There's A Problem With Russia's Foreign Currency Reserves


putin medvedevREUTERS/Mikhail Klimentyev/RIA Novosti/Kremlin Russia's President Vladimir Putin (R-L) speaks with Prime Minister Dmitry Medvedev, Russia's State Duma speaker Sergey Naryshkin and Security Council Secretary Nikolai Patrushev.

At a televised cabinet meeting today, Russian prime minister Dmitry Medvedev urged calm, suggesting that the country has enough money to weather the current economic storm


"All the economic and production goals that you have set yourselves, the country has the currency resources to achieve them," he said.

That's been Vladamir Putin's bet this year. According to Bloomberg, the Russian president asked his advisors at the beginning of the year if the country could withstand the economic shock of invading Ukraine, and they said yes.

But a currency reserve shouldn't be measured just by how big it is.

As the ruble crisis continues this week, there are actually two key questions: Does Russia have enough reserves? The second question is: are those reserves liquid enough to be used if they need to be?


"The level of reserves is a sacred figure for Putin," former Kremlin advisor Gleb Pavlovsky told Bloomberg. Putin has built them up to their current levels (about $415 billion) since the currency crisis and default of 1998. Now the reserves are rapidly dwindling again.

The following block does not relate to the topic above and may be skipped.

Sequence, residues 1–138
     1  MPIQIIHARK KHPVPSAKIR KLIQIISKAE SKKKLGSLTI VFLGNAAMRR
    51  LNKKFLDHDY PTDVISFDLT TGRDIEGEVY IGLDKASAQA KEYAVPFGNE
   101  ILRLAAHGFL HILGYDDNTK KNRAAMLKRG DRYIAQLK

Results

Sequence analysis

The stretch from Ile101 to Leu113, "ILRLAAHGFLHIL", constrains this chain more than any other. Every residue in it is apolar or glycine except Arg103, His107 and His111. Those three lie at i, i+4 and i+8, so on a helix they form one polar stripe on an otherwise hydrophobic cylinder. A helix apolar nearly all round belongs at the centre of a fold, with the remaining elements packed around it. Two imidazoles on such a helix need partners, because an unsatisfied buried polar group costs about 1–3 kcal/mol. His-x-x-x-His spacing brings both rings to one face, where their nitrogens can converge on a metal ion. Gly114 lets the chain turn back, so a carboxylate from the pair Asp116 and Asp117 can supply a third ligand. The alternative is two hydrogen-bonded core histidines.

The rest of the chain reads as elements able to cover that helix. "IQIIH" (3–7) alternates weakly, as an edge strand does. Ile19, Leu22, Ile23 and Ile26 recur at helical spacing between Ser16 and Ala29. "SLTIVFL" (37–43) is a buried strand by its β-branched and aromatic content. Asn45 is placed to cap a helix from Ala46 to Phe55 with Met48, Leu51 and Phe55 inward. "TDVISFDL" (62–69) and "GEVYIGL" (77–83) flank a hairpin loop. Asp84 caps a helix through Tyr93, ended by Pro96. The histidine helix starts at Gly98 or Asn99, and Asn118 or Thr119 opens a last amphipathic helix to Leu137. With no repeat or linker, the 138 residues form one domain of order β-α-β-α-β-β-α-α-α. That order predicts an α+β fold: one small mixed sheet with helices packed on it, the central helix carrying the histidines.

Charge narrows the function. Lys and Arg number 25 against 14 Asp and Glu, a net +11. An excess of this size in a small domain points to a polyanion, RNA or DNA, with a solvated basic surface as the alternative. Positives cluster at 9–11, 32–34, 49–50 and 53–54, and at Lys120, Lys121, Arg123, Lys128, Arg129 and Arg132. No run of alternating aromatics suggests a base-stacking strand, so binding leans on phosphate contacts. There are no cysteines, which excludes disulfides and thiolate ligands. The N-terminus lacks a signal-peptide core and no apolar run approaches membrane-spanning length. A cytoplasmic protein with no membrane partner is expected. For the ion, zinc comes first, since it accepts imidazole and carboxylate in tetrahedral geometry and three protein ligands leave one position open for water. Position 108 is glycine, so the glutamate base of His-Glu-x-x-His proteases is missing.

Here's where Russia's reserves stand, according to the Russian Central Bank:

russian reservesRCB

The first thing to notice is that Russia has blown through about 20% of its foreign exchange reserves in the last year. The question is how much of the remaining chunk would actually be available if the Russians need to access it immediately.

Screen Shot 2014 12 18 at 12.22.52 PMThe Economist/Free Exchange via Econbrowser

The Economist took a crack at estimating the liquidity for the country's foreign reserves last week. From the post: "About $170 billion of its assets sit in two big wealth funds, the Reserve Fund (worth about $89 billion) and the National Wealth Fund (worth about $82 billion). But much of what is in these funds could prove inaccessible if called on to meet short-term financing needs."


In other words, much of these funds are illiquid. They can't just be withdrawn like how one takes money out of an ATM machine.

In this context, Russia hasn't burned through $100 billion out of $500 billion in reserves in the last year, but about $100 billion of $300 billion liquid reserves.

According to Bloomberg, "the Bank of Russia will probably spend another $70 billion to defend the ruble" as it continuet to slide. That would leave the country with just over $100 billion left.

Meanwhile, Paul Krugman has this to say about what's going on in Russia: 

When you have big balance-sheet problems involving foreign-currency debt, an interest-rate hike that tries to discourage capital flight damages the economy, and hence those same balance sheets, from another direction, and it's common, even standard, for the effort to fail. Most notably, tight-money policies were really really unsuccessful during the Asian financial crisis of 1997-8, on which you can read my take here.